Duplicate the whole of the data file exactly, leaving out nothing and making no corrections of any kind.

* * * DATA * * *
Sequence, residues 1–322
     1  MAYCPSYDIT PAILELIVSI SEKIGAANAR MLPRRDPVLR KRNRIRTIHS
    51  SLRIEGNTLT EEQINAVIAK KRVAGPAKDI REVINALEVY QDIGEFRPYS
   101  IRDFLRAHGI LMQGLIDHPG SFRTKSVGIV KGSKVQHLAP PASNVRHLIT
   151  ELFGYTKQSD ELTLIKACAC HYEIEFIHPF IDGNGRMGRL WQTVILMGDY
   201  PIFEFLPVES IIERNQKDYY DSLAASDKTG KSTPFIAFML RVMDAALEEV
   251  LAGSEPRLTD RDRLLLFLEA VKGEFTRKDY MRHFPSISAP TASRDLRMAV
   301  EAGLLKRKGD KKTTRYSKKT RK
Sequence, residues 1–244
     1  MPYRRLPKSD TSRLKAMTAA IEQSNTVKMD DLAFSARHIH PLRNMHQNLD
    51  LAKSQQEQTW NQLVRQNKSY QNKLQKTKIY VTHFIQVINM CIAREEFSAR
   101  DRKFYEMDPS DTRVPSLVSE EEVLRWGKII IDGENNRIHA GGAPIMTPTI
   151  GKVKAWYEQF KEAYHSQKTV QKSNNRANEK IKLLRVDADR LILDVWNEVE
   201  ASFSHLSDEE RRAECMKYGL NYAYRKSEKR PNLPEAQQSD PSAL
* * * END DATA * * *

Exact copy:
Sequence, residues 1–322
     1  MAYCPSYDIT PAILELIVSI SEKIGAANAR MLPRRDPVLR KRNRIRTIHS
    51  SLRIEGNTLT EEQINAVIAK KRVAGPAKDI REVINALEVY QDIGEFRPYS
   101  IRDFLRAHGI LMQGLIDHPG SFRTKSVGIV KGSKVQHLAP PASNVRHLIT
   151  ELFGYTKQSD ELTLIKACAC HYEIEFIHPF IDGNGRMGRL WQTVILMGDY
   201  PIFEFLPVES IIERNQKDYY DSLAASDKTG KSTPFIAFML RVMDAALEEV
   251  LAGSEPRLTD RDRLLLFLEA VKGEFTRKDY MRHFPSISAP TASRDLRMAV
   301  EAGLLKRKGD KKTTRYSKKT RK
Sequence, residues 1–244
     1  MPYRRLPKSD TSRLKAMTAA IEQSNTVKMD DLAFSARHIH PLRNMHQNLD
    51  LAKSQQEQTW NQLVRQNKSY QNKLQKTKIY VTHFIQVINM CIAREEFSAR
   101  DRKFYEMDPS DTRVPSLVSE EEVLRWGKII IDGENNRIHA GGAPIMTPTI
   151  GKVKAWYEQF KEAYHSQKTV QKSNNRANEK IKLLRVDADR LILDVWNEVE
   201  ASFSHLSDEE RRAECMKYGL NYAYRKSEKR PNLPEAQQSD PSAL